Yesterday morning I glanced at the printer in our little office. I had not been printing, nor was I intending to print. But there was unaccustomed text in the little window:
No help available for this.
There it was, sudden & unbidden, the answer to the relentless, unyielding, inchoate question of my spiritual life. No help available. For this. For the overwhelming, de profundis clamavi of a lifetime. No help. Sorry. No, not even sorry, simply no help available. You're on your own, honey. This is the first and last you'll hear from me. Now get on with it.
I pressed reset and the machine reverted to its usual business like demeanor. It had been a quintessential deus ex machina moment, or perhaps the first symptom of late-onset schizophrenia. It put me in mind of that famous utterance of Thomas Merton's, made hours before his death, about standing on one's own feet: it's what one does when faced with the inadequacy of institutional structures, in his case the monastery.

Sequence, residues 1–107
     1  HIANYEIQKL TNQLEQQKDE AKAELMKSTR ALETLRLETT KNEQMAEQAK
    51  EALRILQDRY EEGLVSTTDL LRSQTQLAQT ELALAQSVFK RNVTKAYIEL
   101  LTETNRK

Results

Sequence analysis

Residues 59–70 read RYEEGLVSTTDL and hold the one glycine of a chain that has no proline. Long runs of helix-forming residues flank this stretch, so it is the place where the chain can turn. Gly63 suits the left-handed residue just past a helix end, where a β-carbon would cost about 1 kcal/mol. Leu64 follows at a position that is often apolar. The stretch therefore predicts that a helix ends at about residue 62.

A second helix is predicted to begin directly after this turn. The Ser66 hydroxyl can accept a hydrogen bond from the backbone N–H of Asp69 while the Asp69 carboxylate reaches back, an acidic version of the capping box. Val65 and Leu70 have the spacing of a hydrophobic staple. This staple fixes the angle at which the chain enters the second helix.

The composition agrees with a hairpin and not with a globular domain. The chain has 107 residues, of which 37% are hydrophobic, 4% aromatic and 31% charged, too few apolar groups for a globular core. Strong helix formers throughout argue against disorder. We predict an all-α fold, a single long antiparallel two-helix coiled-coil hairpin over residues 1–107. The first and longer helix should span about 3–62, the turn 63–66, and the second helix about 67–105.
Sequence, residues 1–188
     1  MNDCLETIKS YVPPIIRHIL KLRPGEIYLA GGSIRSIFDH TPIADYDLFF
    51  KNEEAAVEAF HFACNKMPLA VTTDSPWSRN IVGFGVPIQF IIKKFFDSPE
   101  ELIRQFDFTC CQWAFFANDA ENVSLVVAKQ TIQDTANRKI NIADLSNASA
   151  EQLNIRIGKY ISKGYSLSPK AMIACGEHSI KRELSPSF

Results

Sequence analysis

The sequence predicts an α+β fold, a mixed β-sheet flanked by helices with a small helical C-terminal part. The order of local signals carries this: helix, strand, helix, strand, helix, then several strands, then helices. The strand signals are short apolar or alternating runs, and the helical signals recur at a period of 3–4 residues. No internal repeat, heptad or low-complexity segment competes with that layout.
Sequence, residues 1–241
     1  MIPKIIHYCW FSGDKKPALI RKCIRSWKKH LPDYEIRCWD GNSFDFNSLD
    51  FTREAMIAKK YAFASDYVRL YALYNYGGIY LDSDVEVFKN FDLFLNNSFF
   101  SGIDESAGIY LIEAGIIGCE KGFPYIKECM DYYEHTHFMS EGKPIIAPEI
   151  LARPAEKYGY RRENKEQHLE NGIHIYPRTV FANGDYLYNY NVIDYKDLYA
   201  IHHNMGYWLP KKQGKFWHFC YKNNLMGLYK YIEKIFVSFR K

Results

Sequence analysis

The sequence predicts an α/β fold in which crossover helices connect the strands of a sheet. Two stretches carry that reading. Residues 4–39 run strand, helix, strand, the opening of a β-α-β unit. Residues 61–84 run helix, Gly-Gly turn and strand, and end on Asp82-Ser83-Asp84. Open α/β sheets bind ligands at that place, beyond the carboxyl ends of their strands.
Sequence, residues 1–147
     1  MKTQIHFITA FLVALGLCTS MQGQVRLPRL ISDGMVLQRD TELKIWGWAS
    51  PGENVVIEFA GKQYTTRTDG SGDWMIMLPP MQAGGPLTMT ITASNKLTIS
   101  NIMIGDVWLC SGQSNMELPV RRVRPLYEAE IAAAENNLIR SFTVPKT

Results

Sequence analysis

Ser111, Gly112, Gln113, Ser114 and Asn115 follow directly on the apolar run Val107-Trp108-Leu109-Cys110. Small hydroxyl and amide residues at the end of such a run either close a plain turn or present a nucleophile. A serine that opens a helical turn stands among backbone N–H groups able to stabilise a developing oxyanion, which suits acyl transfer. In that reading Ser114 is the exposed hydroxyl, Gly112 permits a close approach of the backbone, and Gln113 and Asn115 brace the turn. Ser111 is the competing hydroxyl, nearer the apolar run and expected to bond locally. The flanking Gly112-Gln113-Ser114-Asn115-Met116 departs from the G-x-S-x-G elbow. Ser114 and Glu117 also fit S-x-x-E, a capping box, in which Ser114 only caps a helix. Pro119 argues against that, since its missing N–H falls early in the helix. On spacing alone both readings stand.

But no help available for this is a deliciously dismal little statement that goes way beyond Merton's advice. Merton may have been exasperated at institutional Trappist life, but, still, had not lost his faith in ultimate and specific help for this.
We are in the depths of Advent, the season of darkness, lack, longing, waiting, expectation. The season of wild-eyed prophets and end-times scenarios. If I could have my way with the liturgical year, we would go straight from Advent into Lent then back to Advent. I realize this puts me more than somewhat outside the tradition where I am currently sojourning, likely into the Outer Darkness.
I think the Bible has it wrong about this dark place, specifically with regards to the weeping and the gnashing of teeth it posits therein. I have found it quiet here, and dry, and not without a certain wraithy fellowship.
And if there is no help available
there is, at the very least and the very most, This.